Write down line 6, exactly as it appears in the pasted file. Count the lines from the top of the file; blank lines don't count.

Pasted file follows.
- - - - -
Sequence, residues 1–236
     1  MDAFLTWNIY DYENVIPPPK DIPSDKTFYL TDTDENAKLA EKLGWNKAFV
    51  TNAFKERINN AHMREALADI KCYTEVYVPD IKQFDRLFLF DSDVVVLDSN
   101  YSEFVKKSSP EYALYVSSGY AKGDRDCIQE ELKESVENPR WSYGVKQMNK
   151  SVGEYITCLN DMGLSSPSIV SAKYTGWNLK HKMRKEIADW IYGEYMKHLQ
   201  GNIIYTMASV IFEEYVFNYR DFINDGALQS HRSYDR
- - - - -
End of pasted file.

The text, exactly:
   201  GNIIYTMASV IFEEYVFNYR DFINDGALQS HRSYDR